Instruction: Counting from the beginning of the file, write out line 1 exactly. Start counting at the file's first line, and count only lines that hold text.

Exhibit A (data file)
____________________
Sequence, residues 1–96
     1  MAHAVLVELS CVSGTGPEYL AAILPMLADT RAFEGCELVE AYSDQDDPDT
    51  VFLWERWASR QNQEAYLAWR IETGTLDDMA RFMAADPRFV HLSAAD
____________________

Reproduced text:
Sequence, residues 1–96